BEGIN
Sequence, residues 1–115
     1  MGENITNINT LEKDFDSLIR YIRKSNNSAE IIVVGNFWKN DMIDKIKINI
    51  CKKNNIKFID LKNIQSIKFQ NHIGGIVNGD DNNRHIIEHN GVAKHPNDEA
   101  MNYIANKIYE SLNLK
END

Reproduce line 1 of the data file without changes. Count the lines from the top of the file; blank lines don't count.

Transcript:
Sequence, residues 1–115